*As an experiment, I decided to count the instances of "suddenly" and "all of a sudden" in my current manuscript in progress. I counted five* in about 30,000 words. Some of these are of the "suddenly + adjective" and some of which are of the "suddenly this happened" varieties.

Friday, August 16, 2013

WTFriday: Snowpiercer

Almost everything I read about Snowpiercer reminds me how excited I am to see this movie, except for the news that Harvey Weinstein wants to cut 20 minutes of character development from the movie.

And not only does he want to hack up what appears to be a perfectly good film, he's also insulting his prospective audience while he's at it. He's concerned that, without the cuts, audiences in Iowa and Oklahoma might not "understand" it.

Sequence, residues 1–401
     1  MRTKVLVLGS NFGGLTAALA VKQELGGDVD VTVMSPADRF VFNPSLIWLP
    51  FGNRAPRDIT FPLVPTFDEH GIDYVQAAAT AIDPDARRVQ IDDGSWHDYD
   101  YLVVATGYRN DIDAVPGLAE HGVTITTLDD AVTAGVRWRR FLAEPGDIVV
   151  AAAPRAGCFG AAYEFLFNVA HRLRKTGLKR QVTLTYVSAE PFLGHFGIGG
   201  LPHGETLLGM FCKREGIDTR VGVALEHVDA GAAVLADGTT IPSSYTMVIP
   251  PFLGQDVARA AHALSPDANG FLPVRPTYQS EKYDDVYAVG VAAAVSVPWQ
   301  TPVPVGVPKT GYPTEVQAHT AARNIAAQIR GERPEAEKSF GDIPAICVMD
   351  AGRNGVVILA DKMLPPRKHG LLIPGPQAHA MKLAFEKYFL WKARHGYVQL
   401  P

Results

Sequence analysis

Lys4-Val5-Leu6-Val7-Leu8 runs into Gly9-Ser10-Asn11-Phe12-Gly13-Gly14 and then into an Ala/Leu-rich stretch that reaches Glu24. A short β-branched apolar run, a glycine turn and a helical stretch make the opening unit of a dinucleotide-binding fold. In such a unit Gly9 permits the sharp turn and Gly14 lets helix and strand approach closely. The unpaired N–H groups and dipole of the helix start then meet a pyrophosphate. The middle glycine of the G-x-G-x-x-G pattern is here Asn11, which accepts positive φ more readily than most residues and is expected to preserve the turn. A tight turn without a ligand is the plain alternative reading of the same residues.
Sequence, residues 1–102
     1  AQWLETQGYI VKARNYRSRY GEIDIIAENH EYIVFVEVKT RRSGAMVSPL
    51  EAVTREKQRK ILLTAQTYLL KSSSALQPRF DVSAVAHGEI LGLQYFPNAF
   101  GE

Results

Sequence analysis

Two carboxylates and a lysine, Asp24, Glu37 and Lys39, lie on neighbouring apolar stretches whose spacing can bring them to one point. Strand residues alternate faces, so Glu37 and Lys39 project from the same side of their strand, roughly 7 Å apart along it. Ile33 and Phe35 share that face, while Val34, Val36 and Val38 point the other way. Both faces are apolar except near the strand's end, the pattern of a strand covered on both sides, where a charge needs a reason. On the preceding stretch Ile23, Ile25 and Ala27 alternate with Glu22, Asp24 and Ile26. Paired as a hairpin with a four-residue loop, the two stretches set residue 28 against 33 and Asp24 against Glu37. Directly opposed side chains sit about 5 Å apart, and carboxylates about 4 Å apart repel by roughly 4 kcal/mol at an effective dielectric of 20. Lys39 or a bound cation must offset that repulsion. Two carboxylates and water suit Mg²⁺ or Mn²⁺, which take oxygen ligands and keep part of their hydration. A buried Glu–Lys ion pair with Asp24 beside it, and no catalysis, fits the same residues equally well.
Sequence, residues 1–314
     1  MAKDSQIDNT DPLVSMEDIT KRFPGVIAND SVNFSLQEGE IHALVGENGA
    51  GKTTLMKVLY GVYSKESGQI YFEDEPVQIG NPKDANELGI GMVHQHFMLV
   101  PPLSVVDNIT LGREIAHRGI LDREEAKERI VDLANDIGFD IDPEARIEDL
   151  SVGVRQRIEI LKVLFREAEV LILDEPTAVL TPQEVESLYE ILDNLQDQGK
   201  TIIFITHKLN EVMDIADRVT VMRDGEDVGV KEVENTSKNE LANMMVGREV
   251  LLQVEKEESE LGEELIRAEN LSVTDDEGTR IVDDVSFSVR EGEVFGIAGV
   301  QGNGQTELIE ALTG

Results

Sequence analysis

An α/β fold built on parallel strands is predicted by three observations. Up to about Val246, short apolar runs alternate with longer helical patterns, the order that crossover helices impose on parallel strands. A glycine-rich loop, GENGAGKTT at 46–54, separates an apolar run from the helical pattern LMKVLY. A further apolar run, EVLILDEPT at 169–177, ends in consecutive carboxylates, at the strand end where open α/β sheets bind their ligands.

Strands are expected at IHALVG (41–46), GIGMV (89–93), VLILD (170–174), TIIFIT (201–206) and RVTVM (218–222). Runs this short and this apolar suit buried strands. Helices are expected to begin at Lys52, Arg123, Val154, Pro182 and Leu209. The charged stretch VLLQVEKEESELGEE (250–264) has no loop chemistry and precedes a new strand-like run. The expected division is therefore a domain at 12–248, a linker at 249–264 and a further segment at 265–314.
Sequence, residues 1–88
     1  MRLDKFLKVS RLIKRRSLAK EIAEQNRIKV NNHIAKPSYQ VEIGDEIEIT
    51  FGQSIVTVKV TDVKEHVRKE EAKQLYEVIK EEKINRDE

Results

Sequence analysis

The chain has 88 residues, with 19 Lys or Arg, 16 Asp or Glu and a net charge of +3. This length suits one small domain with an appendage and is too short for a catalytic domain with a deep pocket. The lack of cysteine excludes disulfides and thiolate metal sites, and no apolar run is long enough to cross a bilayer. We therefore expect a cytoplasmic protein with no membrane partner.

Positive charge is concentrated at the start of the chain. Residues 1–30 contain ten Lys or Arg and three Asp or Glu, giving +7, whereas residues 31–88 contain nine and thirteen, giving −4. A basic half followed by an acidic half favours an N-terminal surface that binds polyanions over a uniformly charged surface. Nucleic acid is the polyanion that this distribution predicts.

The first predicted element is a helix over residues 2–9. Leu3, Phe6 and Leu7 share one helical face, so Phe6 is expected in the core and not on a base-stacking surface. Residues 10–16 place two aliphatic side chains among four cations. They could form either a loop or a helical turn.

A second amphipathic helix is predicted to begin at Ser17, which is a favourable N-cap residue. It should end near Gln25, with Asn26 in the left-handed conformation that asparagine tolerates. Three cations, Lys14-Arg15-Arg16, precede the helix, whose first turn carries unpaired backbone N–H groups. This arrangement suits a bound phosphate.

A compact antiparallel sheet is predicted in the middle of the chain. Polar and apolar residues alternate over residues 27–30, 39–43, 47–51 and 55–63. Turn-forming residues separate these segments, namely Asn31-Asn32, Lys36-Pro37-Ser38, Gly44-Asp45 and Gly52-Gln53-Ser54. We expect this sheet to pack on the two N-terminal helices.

This from the guy whose company distributed a black and white silent film?*

Sure, sure, I know his goal is to make money, but it makes me crazy when studios focus on producing popcorn movies and then say that no one wants to see anything else. Audiences got along just fine with Inception and Pan's Labyrinth.

But never fear, he who taketh away also giveth. He wants to add voice-over narration to the beginning and end of the movie.

Because after-the-fact voice-overs usually work out sooo well.

*Don't get me wrong, I liked The Artist.

via Screen Rant.

Thursday, August 15, 2013

Hobby writing and gateway reading

Last year, Margaret Atwood came out in support of Wattpad, an online publishing venue. She points out that sites like Wattpad can be positive, creative spaces for readers and writers, and that easy access to online fiction and communities can improve literacy.